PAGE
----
Discussion Up    Down

The greater number of the tumors originating in the adrenal medulla is pheochromocytoma, neuroblastoma, or ganglioneuroma. Adrenal schwannoma is rarely encountered, even though it similarly originates from the cells of the neural crest. Its first description was done in 1908 by Verocay as neurinoma [3]. In 1932; Masson proposed the terminology of Schwannoma [4]. This tumor is more common in women with an approximate male-to-female ratio of 2:3 [5]. Given the nonfunctional nature of schwannoma, only positive hormonal studies, such as elevated urine metanephrines in most cases of pheochromocytoma, can unequivocally exclude the diagnosis of schwannoma [6]. In our case, the urinary metanephrine and overnight dexamethason suppressive test were within the normal range. The diagnosis of adrenal schwannoma is often incidental, because slow growing, deeply situated tumor. It is usually present for long periods of time before patients complain of symptoms [7]. However, some patients may present with atypical symptoms such as: abdominal or lumbar pain, hematuria related to compression of neighboring organs [8]. It is difficult to diagnose adrenal schwannoma preoperatively by imaging alone and surgical resection is the primary management. On computed tomography, a schwannoma can appear like a round or oval mass that may be homogeneous, as in the case we present [9]. However, Due to the frequent degeneration, cystic change, hemorrhage and calcification inside this masse they often appear heterogeneous on imaging. The mass demonstrated variable homogeneous or heterogeneous enhancement with addiction of contrast arising the difficulty to differentiate between malignant or benign schwannoma [10] this was the case of our patient. MRI imaging findings are nonspecific. Adrenal schwannoma is of low signal intensity on T1WI and heterogeneously high intensity on T2WI on MRI [11]. Intratumoral cysts were found in 63% of cases for benign schwannomas and in 75% of cases for malignant schwannomas. This sign is exceptional in other peritoneal tumors [7]. By cause of that a schwannoma is diagnosed only in one third of cases by imaging, the definitive diagnosis must be determined through histologic means as seen in our patient [12]. Schwannoma malignant form is frequently associated with von Recklinghausen disease and neurofibromatosis [13]. Therefore, it is very important to remove the tumor completely surgically. In cases of small tumors (<4 cm) as our case, the laparoscopic resection can be preferred to conventional approach. Conventionally, schwannomas present as alternating compact areas termed Antoni A and loosely textured paucicellular areas described as Antoni B [14]. These 2 patterns may coexist in the same specimen but usually one is predominant [8]. Immunohistochemical stains for the neuroectodermal marker S100 are nearly universally positive in these tumors [15] but they stain negative for CD117, desmin, CD34, HMB45, synaptophysin, cytokeratin and smooth muscle acting on immunohistochemistry [16] as it seen in our case.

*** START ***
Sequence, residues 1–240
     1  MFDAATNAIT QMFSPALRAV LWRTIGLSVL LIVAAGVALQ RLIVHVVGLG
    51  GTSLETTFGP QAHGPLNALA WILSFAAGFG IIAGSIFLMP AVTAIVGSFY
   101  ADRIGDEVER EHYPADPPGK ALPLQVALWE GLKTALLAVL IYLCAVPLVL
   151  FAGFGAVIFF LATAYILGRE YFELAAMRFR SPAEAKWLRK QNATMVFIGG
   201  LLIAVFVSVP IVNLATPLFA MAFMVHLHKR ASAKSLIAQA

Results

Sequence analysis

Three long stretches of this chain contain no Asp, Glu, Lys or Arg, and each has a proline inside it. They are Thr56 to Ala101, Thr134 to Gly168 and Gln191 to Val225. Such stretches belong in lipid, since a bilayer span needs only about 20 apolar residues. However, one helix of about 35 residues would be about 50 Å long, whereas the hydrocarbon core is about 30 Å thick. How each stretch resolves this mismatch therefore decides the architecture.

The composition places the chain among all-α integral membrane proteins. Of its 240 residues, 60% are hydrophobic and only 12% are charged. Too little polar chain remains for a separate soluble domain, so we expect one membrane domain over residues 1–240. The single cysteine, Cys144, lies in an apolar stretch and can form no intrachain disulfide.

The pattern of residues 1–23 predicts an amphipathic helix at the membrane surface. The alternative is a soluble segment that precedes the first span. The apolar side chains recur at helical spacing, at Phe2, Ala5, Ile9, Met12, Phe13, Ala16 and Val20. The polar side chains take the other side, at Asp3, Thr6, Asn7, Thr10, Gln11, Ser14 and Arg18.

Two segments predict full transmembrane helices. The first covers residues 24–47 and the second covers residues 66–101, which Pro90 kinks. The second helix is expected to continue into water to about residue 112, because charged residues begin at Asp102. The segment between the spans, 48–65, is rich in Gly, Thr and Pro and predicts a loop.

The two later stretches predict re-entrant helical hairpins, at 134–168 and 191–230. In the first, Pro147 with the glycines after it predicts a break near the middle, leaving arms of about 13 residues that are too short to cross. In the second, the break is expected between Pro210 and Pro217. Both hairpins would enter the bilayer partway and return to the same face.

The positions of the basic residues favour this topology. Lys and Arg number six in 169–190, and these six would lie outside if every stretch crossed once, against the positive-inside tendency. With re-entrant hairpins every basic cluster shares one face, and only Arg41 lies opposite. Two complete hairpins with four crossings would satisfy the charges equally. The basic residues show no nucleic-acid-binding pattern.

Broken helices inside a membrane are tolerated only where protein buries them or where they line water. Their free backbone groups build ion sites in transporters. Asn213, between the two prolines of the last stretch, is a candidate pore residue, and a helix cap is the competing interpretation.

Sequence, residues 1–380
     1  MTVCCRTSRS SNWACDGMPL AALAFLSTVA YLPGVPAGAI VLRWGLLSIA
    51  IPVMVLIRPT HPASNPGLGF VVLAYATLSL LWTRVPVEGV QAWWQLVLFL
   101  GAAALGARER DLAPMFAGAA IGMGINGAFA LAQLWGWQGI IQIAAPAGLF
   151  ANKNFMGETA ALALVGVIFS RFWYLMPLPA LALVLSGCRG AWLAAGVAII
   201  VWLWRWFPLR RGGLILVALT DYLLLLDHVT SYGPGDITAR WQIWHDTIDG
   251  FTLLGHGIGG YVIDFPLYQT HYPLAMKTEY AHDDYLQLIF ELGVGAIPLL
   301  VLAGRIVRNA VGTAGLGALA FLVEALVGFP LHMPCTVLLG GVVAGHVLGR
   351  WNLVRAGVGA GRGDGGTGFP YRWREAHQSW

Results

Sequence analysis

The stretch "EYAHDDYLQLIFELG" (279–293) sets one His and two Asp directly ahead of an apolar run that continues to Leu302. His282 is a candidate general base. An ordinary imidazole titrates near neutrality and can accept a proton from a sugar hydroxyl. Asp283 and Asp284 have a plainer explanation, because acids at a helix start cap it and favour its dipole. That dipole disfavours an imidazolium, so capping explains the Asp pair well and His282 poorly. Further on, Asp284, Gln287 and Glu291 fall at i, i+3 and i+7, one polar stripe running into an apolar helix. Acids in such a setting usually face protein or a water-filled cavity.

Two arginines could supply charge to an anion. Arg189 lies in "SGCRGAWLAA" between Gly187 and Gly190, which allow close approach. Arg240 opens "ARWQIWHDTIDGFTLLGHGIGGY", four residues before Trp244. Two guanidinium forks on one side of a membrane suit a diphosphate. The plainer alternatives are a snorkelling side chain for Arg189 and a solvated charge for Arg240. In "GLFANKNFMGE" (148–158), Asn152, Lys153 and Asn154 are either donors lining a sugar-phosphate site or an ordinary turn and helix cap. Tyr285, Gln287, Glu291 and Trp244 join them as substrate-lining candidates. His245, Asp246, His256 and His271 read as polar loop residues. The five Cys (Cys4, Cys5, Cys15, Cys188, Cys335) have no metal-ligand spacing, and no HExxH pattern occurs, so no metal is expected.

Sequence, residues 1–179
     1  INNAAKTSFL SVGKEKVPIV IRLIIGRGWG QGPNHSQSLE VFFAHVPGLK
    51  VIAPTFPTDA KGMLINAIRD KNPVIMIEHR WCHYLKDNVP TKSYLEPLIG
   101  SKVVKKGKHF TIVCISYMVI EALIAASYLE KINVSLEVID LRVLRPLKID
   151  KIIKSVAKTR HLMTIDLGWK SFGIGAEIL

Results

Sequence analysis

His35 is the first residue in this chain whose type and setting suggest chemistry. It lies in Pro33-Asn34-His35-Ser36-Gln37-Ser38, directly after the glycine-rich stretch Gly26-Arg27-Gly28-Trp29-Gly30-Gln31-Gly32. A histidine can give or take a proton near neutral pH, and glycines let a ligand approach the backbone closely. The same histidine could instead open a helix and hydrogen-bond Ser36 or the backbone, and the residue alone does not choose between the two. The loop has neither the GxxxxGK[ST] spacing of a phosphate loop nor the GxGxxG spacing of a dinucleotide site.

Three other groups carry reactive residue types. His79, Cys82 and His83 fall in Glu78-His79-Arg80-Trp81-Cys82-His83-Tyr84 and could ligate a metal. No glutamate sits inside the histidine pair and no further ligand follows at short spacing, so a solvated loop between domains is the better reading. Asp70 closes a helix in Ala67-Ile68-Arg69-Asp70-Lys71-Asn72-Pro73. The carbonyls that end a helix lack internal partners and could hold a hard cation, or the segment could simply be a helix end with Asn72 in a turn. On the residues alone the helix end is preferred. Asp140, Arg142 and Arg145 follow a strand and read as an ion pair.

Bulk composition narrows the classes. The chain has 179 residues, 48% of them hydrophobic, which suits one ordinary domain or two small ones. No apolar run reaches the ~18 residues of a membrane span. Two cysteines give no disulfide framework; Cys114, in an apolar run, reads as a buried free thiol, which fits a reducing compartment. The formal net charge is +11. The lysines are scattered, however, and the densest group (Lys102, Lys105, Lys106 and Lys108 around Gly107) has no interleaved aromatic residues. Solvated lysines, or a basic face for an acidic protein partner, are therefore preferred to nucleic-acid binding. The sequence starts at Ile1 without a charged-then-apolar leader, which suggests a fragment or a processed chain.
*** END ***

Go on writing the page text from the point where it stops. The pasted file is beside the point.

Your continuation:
Conclusion Up    Down

The present case suggests that a preoperative diagnosis of adrenal schwannoma is difficult. Surgical excision can provide the benefit of a definitive diagnosis which can only be made by histological and immunohistochemical evaluations.



Competing interests Up    Down

The authors declare no competing interest.



Authors’ contributions Up    Down

All the authors have read and agreed to the final manuscript.



Figures Up    Down

Figure 1: CT showed a hypodense left adrenal lesion measuring 2.5 cm X 3.4 cm in diameter with a spontaneous density of 20UH

Figure 2: magnetic resonance imaging revealed a round mass in the left adrenal gland. The mass registered low-signal intensity on the T1-weighted image, and a slightly high signal intensity on the T2-weighted image

Figure 3: the tumor cells are fusiform, devoid of atypia (HES X 200)

Figure 4: the tumor cells expressed PS 100



References Up    Down